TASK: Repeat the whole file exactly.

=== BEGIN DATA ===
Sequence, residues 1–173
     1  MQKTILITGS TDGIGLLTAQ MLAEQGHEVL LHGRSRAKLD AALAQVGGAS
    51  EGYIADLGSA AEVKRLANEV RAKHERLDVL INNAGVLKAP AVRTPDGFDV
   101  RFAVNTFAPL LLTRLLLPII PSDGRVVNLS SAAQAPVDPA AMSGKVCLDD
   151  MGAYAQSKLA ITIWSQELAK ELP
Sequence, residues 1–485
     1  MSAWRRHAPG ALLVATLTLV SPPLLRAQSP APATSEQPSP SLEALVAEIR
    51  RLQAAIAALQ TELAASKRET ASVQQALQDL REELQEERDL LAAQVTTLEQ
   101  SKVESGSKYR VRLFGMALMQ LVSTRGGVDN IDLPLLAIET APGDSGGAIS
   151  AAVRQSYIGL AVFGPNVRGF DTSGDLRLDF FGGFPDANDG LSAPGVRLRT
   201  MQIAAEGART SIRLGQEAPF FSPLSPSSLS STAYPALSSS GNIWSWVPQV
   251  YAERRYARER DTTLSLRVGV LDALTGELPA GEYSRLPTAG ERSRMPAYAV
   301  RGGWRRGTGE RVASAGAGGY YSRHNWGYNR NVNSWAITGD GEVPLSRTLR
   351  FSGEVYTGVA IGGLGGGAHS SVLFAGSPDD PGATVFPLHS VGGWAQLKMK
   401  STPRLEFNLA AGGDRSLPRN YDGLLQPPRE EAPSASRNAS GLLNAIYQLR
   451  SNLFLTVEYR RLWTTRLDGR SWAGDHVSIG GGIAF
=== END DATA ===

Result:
Sequence, residues 1–173
     1  MQKTILITGS TDGIGLLTAQ MLAEQGHEVL LHGRSRAKLD AALAQVGGAS
    51  EGYIADLGSA AEVKRLANEV RAKHERLDVL INNAGVLKAP AVRTPDGFDV
   101  RFAVNTFAPL LLTRLLLPII PSDGRVVNLS SAAQAPVDPA AMSGKVCLDD
   151  MGAYAQSKLA ITIWSQELAK ELP
Sequence, residues 1–485
     1  MSAWRRHAPG ALLVATLTLV SPPLLRAQSP APATSEQPSP SLEALVAEIR
    51  RLQAAIAALQ TELAASKRET ASVQQALQDL REELQEERDL LAAQVTTLEQ
   101  SKVESGSKYR VRLFGMALMQ LVSTRGGVDN IDLPLLAIET APGDSGGAIS
   151  AAVRQSYIGL AVFGPNVRGF DTSGDLRLDF FGGFPDANDG LSAPGVRLRT
   201  MQIAAEGART SIRLGQEAPF FSPLSPSSLS STAYPALSSS GNIWSWVPQV
   251  YAERRYARER DTTLSLRVGV LDALTGELPA GEYSRLPTAG ERSRMPAYAV
   301  RGGWRRGTGE RVASAGAGGY YSRHNWGYNR NVNSWAITGD GEVPLSRTLR
   351  FSGEVYTGVA IGGLGGGAHS SVLFAGSPDD PGATVFPLHS VGGWAQLKMK
   401  STPRLEFNLA AGGDRSLPRN YDGLLQPPRE EAPSASRNAS GLLNAIYQLR
   451  SNLFLTVEYR RLWTTRLDGR SWAGDHVSIG GGIAF